Tuck faculty members publish their research in the world's best peer-reviewed journals.
Articles authored by Tuck professors may be found via the Tuck faculty directory or on the personal faculty websites. To locate a professor's profile, visit the Faculty Directory.
Merger Negotiations with Stock Market Feedback, The Journal of Finance, Vol. LXIX No. 4, August 2014 (with Sandra Betton, Rex Thompson and Karin S. Thorburn)
Do preoffer target stock price runups increase bidder takeover costs? We present model-based tests of this issue assuming runups are caused by signals that inform investors about potential takeover synergies. Rational deal anticipation implies a relation between target runups and markups (offer value minus runup) that is greater than minus one-for-one and inherently nonlinear. If merger negotiations force bidders to raise the offer with the runup—a costly feedback loop where bidders pay twice for anticipated target synergies—markups become strictly increasing in runups. Large-sample tests support rational deal anticipation in runups while rejecting the costly feedback loop.
Multi-Product Exporters and the Margins of Trade, The Japanese Economic Review, v.65, No. 2, June 2014
The paper examines multi-product exporters in Belgium, considering their importance and the relationship between the margins of trade and firm productivity. We use proxies for trade costs to quantify the extensive and intensive margin adjustments of trade. Relatively few exporting firms account for the majority of Belgian exports and these large firms have greater productivity and value-added, more employees and more exported products than smaller exporters. Across firms, productivity is positively associated with firm exports. More productive firms export more products to more countries and have higher average product-country export flows. The extensive and intensive margins are equally important in total firm exports.
When Are Enhanced Relationship Tax Compliance Programs Mutually Beneficial? The Accounting Review, Nov. 2013, Vol. 88 Issue 6, p. 1971 (with Lisa De Simone and Jeri Seidman.)
This study investigates the circumstances under which ''enhanced relationship'' tax-compliance programs are mutually beneficial to taxpayers and tax authorities, as well as how these benefits are shared. We develop a model of taxpayer and tax authority behavior inside and outside of an enhanced relationship program. Our model suggests that, despite the adversarial nature of the relationship, an enhanced relationship program is mutually beneficial in many settings. The benefits are due to lower combined government audit and taxpayer compliance costs. These costs are lower because taxpayers are less likely to claim positions with weak support and the government is less likely to challenge positions with strong support inside the program. Further, we show that an increase in the ability of the tax authority to identify uncertain tax positions makes an enhanced relationship tax-compliance program more attractive to both the taxpayer and the tax authority.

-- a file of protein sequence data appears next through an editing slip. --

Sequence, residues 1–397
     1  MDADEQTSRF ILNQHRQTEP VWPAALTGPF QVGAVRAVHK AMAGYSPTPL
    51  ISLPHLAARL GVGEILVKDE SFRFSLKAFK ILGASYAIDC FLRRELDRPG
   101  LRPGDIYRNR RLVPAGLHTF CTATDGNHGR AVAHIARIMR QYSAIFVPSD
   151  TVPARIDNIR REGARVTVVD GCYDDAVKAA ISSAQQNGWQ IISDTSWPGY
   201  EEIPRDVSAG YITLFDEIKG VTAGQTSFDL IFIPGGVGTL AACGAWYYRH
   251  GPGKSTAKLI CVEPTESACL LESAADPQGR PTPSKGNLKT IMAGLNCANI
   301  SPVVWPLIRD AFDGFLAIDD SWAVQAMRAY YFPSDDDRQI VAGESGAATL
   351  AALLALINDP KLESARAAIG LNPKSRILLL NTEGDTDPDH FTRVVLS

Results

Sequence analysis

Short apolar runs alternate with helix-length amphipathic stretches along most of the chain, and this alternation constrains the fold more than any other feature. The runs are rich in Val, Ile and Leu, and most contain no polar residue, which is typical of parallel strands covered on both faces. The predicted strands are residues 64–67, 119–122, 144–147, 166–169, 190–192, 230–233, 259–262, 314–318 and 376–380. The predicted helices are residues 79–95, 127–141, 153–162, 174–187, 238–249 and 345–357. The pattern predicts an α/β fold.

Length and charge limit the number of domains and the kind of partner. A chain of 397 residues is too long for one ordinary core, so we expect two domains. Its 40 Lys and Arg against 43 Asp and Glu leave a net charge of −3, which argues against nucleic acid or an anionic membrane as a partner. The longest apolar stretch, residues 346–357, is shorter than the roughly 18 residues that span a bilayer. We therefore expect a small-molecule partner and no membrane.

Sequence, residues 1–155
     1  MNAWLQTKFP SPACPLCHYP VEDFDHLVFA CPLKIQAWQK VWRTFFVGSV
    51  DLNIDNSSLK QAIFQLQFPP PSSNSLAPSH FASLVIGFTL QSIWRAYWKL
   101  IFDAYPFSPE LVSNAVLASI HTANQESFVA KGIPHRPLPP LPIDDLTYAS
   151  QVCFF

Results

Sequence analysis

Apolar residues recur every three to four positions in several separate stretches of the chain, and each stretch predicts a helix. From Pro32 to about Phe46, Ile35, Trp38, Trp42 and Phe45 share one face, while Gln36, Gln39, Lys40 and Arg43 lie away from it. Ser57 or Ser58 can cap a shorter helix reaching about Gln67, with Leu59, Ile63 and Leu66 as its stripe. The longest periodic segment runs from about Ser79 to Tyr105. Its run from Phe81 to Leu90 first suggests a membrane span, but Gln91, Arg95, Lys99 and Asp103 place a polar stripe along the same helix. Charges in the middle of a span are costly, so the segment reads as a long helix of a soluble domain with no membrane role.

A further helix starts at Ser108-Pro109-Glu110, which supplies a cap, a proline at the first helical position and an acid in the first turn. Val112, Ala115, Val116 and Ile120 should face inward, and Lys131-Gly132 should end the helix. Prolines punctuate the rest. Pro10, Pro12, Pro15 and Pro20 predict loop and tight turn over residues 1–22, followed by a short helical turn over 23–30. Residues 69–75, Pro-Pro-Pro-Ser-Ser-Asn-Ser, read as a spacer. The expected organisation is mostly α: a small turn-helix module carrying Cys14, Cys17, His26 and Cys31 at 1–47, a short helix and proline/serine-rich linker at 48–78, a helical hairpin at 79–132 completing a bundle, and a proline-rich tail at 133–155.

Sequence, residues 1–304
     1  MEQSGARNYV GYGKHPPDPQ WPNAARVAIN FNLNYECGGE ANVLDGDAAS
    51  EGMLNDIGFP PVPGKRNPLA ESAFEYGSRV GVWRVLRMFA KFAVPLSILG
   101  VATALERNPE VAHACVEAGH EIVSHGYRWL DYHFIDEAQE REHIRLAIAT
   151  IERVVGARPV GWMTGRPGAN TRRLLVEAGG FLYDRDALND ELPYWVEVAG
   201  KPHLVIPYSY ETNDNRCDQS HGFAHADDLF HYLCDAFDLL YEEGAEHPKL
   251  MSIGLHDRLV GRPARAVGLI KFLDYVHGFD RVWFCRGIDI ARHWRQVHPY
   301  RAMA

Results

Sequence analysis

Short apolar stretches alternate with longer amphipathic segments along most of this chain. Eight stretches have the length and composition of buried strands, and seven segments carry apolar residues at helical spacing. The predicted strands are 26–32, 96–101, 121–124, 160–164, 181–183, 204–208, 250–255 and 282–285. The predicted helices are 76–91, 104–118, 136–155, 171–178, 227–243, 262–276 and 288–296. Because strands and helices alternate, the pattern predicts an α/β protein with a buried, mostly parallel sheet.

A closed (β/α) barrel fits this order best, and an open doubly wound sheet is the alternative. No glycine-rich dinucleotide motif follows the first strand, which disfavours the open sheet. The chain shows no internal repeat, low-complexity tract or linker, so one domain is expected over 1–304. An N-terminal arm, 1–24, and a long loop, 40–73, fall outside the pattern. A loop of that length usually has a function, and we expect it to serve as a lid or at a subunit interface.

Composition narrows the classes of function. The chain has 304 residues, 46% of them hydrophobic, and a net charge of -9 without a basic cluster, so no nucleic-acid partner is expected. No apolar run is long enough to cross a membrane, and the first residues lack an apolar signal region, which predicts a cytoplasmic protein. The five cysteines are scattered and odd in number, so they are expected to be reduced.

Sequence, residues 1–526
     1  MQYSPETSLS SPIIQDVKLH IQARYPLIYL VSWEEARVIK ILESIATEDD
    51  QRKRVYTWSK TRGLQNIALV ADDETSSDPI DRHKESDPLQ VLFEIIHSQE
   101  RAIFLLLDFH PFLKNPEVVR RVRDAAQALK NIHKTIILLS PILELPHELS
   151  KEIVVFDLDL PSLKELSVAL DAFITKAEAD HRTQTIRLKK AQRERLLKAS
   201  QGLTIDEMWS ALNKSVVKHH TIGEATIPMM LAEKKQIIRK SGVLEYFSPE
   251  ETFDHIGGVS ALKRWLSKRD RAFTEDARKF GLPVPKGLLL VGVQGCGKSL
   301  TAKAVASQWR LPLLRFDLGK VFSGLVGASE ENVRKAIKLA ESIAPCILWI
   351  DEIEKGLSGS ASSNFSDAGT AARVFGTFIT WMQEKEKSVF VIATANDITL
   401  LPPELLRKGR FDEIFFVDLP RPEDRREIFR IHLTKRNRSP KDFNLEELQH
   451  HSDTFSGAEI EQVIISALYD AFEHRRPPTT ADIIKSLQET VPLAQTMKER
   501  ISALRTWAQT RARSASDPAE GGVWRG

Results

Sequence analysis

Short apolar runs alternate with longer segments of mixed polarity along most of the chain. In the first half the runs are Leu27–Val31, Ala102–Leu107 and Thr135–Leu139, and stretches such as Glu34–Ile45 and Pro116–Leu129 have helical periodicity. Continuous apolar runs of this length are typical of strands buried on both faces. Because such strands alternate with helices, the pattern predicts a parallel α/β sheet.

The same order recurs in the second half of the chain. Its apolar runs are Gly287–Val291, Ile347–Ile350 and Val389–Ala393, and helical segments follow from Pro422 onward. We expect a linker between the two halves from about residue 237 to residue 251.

Incorporating Stochastic Lead Times into the Guaranteed Service Model of Safety Stock Optimization,” (with S. Humair, J. Ruark and S.P. Willems), Interfaces, Sep-Oct 2013, 43 (5), 421-434.
Effective end-to-end supply chain management and network inventory optimization must account for service levels, demand volatility, lead times, and lead-time variability. Most inventory models incorporate demand variability, but far fewer rigorously account for lead-time variability, particularly in multiechelon supply chain networks. Our research extends the guaranteed service model of safety stock placement to allow random lead times. The main methodological contribution is the creation of closed-form equations for the expected safety stock in the system; this includes a derivation for the early-arrival stock in the system. The main applied contributions are the demonstration of real stochastic lead times in practice and a discussion of how our approach outperforms more traditional heuristics that either ignore lead-time variability or consider the maximum lead time at each stage.